...I have proclaimed, just now, the following decree to our people concerning the two sons of Oedipus. Eteocles, who died fighting for Thebes, excelling all in arms: he shall be buried, crowned with a hero's honors, the cups we pour to soak the earth and reach the famous dead. But as for his blood brother, Polynices, who returned from exile, home to his father -- city and the gods of his race, consumed with one desire -- to burn them roof to roots -- who thirsted to drink his kinsmen's blood and sell the rest to slavery: that man -- a proclamation has forbidden the city to dignify him with burial, mourn him at all. No, he must be left unburied, his corpse carrion for the birds and dogs to tear, an obscenity for the citizens to behold! These are my principles. Never at my hands will the traitor be honored above the patriot. But whoever proves his loyalty to the state: I'll prize that man in death as well as life. (215-235)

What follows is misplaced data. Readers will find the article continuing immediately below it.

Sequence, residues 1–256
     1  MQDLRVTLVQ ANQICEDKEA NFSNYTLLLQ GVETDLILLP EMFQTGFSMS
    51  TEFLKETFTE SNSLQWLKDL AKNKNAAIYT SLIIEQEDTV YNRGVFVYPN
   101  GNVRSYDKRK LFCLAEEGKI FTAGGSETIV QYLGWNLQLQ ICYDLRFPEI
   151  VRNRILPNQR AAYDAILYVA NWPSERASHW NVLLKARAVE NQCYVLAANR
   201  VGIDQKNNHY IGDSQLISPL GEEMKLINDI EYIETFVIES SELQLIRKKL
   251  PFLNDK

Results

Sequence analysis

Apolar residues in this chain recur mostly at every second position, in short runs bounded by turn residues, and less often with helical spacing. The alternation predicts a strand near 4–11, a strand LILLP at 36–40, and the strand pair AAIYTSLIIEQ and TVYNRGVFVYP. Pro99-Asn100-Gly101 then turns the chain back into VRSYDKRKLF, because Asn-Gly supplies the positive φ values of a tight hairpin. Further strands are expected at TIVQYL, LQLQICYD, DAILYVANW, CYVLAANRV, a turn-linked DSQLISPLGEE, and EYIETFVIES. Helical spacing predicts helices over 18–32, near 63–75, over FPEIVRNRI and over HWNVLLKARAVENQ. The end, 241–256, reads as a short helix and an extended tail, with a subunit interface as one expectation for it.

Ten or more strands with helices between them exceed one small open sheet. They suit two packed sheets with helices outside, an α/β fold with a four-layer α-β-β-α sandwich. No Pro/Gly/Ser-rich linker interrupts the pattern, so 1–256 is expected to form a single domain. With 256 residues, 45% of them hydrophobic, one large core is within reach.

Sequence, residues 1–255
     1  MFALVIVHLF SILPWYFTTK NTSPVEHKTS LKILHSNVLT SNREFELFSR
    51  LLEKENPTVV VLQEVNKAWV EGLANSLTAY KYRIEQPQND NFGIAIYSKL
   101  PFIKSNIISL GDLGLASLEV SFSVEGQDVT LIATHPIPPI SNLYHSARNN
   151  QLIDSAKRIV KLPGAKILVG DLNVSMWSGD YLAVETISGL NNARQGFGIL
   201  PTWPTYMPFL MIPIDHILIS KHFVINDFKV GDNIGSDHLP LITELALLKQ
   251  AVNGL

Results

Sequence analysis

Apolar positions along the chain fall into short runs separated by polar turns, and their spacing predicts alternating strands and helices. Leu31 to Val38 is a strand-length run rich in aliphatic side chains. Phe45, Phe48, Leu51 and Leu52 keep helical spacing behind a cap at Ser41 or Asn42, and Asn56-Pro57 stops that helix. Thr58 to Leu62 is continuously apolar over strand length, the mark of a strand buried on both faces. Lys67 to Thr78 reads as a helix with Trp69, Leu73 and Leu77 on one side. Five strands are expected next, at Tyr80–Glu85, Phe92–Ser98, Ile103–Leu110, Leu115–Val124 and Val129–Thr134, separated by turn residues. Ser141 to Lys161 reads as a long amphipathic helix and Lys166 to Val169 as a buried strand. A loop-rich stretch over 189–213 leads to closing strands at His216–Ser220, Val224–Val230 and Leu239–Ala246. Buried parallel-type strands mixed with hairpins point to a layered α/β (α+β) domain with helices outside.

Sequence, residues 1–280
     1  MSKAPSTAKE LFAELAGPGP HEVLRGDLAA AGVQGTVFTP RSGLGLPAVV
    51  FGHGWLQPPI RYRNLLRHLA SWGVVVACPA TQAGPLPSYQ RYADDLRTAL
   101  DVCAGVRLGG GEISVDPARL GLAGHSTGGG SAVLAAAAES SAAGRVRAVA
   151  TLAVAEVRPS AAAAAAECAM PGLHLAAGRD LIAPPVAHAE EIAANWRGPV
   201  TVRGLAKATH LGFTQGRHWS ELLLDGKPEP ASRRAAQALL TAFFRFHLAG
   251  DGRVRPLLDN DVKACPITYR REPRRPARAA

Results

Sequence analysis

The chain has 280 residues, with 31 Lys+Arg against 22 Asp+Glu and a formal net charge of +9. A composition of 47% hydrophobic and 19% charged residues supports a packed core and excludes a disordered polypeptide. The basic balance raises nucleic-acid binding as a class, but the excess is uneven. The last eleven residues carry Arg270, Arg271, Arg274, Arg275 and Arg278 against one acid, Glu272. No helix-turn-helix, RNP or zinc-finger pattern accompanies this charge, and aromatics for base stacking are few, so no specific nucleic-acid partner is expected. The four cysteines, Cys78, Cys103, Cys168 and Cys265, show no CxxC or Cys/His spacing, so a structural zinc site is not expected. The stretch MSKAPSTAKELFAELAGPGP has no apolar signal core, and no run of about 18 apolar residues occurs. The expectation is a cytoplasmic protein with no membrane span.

How does Creon use juxtaposition to further his point about the two brothers?